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How much does outside temp alter fuel mileage?

We have been noticing our fuel mileage dropping and the only real difference is the temps we have been running in... Sometimes all the way down to -30!! Would putting a barrier up in front of the radiator (to maintain a warmer engine temp) help? Or does engine running temp make much difference?

Thanks in advance for any answers!

Update

Well I think we found the problem... We ended up getting some codes (check engine lights) and it turned out to have a problem with the DEF stuff.. Husband can explain it better... But that is ow fixed, and our fuel mileage is getting back where it should be, or at least was running before...

Thanks for all the replies!!

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Well we put some small amount of cardboard in front of the radiator to try to have the engine run warmer... Looks like almost a full 1/2 mpg difference (6.6-7.2) !! But that was only one tank of fuel, and temps only in the teens, instead of negative numbers... We will see how it goes :)

Just by this one tank though, I would guess that the outside temp DOES make a difference, if only because it cools the engine down.

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If your engine has a problem maintaining operating temperature in cold weather than a winter front will help. The warmer your motor the better the fuel burns. In cold weather your fuel mileage will drop mainly because of the winter fuel blend plus a few minor factors.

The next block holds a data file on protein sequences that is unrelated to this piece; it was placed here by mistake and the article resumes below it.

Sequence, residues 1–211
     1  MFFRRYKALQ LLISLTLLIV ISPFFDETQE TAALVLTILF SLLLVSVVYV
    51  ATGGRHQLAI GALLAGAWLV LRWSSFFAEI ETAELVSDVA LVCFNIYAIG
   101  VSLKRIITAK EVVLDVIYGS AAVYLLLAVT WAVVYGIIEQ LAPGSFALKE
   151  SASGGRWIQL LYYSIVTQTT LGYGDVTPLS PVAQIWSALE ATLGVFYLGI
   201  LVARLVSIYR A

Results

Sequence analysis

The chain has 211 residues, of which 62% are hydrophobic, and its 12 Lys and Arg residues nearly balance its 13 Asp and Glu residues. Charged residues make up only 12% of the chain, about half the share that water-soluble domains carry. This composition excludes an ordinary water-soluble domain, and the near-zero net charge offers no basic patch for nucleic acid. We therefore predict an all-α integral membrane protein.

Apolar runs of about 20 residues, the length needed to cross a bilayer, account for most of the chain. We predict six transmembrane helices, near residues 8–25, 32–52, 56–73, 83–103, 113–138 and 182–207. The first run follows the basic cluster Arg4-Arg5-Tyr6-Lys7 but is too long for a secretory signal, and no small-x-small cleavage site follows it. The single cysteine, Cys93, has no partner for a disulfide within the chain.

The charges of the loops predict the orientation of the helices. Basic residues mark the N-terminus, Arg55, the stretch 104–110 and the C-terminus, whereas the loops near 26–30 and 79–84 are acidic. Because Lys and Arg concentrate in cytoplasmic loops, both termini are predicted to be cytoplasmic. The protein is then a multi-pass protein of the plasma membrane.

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My truck pulls just a little harder on a cold, damp day, than it does on a hot, dry day. However, I think the MPG loss you are asking about is due to the winterized diesel fuel.

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The cold affects your mileage in several ways like everyone has said so far winterized fuel cause you lose BTU's with winter fuel, then you lose mileage cause transmission & diff oil is so cold and thick. Then you have outside temp that the colder it is the closer the molecules become which in turn is going to make it much harder and require more power in order to pull the truck and trailer thru the air.

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In addition to all of the above, don't forget how much the cold effects tire pressure. My tires went from 95 psi @ 30deg. F. to 85 psi @ 10deg. F. (Checked cold.) They do warm as they roll, however the road is usually somewhere close to ambient temperature, especially at night, constantly cooling them. One good thing, is, because of the cold, your tires wear very little. I know, not much consolation.

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That is one thing we didn't think of...

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Colder the temperature the more dense the air is. Therefore making it more difficult and more resistance to go through thicker air rather than warmer air. Winterblend fuel is another factor, as well as the roads might be wet or snow packed or slushy

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Gary & Paula will be eternally grateful.
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